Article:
Let me talk about my absence from TMATM. On one hand, I was on the road with limited internet access, but in addition, I was having an extremely difficult time getting my thoughts organized about the time I spent in India. I spent the majority of my time in Bangalore, a beautiful, intoxicating, chaotic city, and the activities in Jaaga reflect these aspects in the sense that the constant flux of ideas, discussions and relationships I encountered there were what stayed with me when I left. I realized the root of my confusion was that, unlike other projects, I couldn’t just draw lines around specific bodies of work and call them “pieces”, or “events”, because much of the work there was in progress and interconnected in surprising ways.
Jaaga, a Hindi word meaning space, is a community cultural center in the heart of Bangalore under the direction of Freeman Murray and Archana Prasad. It draws a diverse crowd, who are passionate about their various aims and interests. It is a structure that was built from the ground up out of pallet rack shelving, the type of material used for storage in big box stores. Jaaga, in its own words:
…seeks to nurture innovative endeavors by providing space, core infrastructure, and a diverse social environment. Born in August 2009 from a desire to bring the arts and technology communities closer together, Jaaga explores new ways of using pallet rack shelving to create community space in a dense urban landscape to foster innovation. Jaaga provides infrastructure and mentoring to tech startups, conducts educational workshops for aspiring students, and supports local groups and individuals who are pro-actively engaged in social and environmental issues. It hosts an Electronics Lab where people work on next generation lighting systems, and a Media Lab that trains people in new media technologies. It includes web enabled co-work spaces and multi-level spaces for screenings, workshops, lectures and performances.
Interesting documentation of the creation of Jaaga by City Signals:
Fleshing out the infrastructure has been an ongoing project at Jaaga, and many of the people who have passed through (or are currently there) have left a mark on the structure in some way. Eve Sibley, as a part of this Living Building Project, worked with several collaborators to plant a garden that now runs vertically along the walls of the structure, and features planters with vegetables on the roof. An artist from STEIM passed through Jaaga several days before I was there, and installed a car seat at the very top of the building, one level above the roof, in front of a steering wheel that triggered a Max/msp patch when rotated. Kiran, who I’ve referred to as the “experimental space expert,” has the uncanny ability to transform an object into something that has a completely different function, which is a skill that is often needed. The Jaaga founders hacked a Kinect device to respond when a user puts his/her palms together, suggesting a prayer, and installed it in Jaaga, provoking questions about the nature of technology and God. Below, the the electronic equipment of the space has been redesigned into the Jaaga “brain”:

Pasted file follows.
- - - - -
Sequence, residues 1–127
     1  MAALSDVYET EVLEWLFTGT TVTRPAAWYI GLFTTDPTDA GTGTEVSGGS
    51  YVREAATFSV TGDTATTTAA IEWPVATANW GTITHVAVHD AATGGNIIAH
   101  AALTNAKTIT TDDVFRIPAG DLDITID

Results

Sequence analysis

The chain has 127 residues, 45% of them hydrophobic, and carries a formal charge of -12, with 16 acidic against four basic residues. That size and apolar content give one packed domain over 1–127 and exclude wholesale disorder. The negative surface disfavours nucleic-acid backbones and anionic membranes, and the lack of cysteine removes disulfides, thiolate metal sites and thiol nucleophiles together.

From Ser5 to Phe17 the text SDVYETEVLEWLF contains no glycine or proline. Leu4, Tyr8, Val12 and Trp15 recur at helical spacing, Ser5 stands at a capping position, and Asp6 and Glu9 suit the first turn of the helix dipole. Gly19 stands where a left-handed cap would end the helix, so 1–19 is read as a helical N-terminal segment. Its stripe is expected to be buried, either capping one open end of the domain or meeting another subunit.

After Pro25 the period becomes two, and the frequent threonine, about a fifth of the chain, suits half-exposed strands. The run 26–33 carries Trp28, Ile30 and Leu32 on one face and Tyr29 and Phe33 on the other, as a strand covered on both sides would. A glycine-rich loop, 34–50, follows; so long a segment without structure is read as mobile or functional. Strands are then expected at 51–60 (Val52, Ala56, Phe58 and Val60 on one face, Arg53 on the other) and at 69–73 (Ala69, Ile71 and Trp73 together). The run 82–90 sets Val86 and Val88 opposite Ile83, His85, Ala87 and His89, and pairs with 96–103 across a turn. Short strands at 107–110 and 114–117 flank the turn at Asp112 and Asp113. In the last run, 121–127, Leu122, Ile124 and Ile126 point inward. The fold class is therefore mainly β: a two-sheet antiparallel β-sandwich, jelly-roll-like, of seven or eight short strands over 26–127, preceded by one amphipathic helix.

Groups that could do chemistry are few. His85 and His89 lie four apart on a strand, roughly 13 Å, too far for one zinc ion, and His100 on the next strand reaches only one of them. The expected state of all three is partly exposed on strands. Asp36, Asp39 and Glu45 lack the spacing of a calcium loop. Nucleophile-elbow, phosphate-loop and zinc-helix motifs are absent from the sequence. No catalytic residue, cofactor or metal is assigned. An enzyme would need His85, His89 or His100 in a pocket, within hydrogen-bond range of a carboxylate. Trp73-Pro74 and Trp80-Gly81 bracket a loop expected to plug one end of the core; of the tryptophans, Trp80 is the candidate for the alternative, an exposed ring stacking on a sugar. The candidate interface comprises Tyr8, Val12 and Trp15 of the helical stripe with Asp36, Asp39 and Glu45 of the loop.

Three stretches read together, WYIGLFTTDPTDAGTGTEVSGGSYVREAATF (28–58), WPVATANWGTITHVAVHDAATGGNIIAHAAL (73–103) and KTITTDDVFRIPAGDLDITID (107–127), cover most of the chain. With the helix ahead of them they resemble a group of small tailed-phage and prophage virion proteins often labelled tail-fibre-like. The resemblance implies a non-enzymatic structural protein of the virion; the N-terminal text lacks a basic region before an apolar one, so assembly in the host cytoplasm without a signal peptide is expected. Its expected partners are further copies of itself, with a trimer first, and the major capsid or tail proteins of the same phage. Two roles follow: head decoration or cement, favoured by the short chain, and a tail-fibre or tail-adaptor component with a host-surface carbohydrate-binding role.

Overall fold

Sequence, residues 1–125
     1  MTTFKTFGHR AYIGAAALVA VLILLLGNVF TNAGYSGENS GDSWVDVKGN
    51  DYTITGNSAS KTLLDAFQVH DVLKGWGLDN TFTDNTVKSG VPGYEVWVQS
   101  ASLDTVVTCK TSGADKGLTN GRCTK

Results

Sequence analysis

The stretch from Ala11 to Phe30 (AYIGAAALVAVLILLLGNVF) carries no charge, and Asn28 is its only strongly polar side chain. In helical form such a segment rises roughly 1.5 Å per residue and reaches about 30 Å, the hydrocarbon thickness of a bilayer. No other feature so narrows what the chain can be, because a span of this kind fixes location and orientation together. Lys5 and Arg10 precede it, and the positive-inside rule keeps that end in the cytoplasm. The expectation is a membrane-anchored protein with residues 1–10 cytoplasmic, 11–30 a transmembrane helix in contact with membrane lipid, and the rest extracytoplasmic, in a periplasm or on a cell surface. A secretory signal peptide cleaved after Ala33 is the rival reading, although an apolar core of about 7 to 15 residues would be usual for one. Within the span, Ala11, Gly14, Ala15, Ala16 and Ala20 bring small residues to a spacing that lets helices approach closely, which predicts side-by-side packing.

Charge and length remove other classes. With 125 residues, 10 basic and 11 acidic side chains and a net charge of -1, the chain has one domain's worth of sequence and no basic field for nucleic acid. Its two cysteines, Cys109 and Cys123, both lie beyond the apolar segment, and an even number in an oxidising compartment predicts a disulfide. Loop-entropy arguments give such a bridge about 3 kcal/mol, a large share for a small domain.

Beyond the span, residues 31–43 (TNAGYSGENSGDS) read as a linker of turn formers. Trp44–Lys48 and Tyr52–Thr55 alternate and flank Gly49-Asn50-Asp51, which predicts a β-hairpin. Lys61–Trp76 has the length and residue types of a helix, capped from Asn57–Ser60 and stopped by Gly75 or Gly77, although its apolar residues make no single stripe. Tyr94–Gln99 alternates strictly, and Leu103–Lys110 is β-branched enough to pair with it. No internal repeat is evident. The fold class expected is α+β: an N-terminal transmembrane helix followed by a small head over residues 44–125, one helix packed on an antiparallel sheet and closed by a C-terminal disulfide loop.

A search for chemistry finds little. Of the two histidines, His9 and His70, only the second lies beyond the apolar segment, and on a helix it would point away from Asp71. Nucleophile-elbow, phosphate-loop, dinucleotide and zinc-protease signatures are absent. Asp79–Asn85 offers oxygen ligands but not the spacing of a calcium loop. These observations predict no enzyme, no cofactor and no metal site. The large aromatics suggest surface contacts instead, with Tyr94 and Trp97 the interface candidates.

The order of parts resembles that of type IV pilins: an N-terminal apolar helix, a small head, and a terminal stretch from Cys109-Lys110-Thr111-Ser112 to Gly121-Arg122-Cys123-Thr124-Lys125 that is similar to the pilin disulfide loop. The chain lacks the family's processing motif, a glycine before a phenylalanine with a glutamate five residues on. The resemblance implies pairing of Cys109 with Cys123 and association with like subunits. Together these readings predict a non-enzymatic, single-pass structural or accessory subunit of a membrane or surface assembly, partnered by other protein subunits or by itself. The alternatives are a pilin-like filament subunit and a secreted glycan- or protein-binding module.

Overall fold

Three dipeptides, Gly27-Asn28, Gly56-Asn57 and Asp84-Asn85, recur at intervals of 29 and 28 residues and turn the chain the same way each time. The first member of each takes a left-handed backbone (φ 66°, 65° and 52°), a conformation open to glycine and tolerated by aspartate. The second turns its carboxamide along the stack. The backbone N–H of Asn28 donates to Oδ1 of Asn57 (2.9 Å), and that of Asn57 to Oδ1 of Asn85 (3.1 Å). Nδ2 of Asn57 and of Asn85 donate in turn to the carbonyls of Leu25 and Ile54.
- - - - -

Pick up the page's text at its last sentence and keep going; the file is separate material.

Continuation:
These infrastructure projects were later developed into the Jaaga Sound and Lights project, which you can read about in my later post. The project was based around lights created by Gopi, Rajesh, Ravi and Phanindra who have a startup called Powerup Electronics aimed at designing systems for things such as security, alarms and lighting. For Jaaga, they designed a circuit with a microcontroller that controls an 7×7 LED array which can be programmed to light up different colors in different combinations and speeds, which is quite complex. And that’s just one light, multiply that by 30!
(below: trying to solder the LED boards at night, and a video of testing a prototype)
Not only is Jaaga host to various infrastructure projects, it is also a place for discussions about infrastructure in general. In a surprising coincidence, my professor from college in Oberlin, Ohio, happened to be in Bangalore the weekend I arrived. Julia Christensen stopped by Jaaga while doing research for her latest work Surplus Rising, which attempts to track pieces of industrial equipment from the Ohio and the rust belt region, to their new homes in China and India, tracing patterns in global industry. She presented Big Box Reuse at Jaaga, a project that is the culmination of several years of documenting vacated big box stores, and the (sometimes unusual) uses of space that spring up afterwards.
Naresh Narasimhan, the architect who has graciously allowed Jaaga to occupy his property, explained to me that the neighborhood where Jaaga currently sits used to be the edge of the city, on a street with homes whose residents were of mixed Indian and British heritage. Now, instead of facing a lake, these buildings face a field hockey stadium. Several blocks away, a former shanty town has been absorbed into the community. Jaaga is also located at the intersection of Hindu, Christian, Shia Muslim, and Tibetan Buddhist communities. A standard city map of street names, public transit and institutions can give some guidance, but it can’t hope to encompass the complexity of cultural interactions, smaller and informal businesses, and the wealth of community and personal stories relating to various neighborhoods. Because of this, Jaaga has also become a natural meeting point for conversations about mapping initiatives (see Cartonama, for example), transportation issues, and social and community organizations.
Lastly, I heard word that Jaaga needs to move in the upcoming months, and right now they are taking suggestions about all possible locations (still in Bangalore, or course). If you are familiar with Bangalore and are able to offer ideas, please send them to the Jaaga team!
*Update: Jaaga will be moving to a new space, nearby on Double Rd., in July!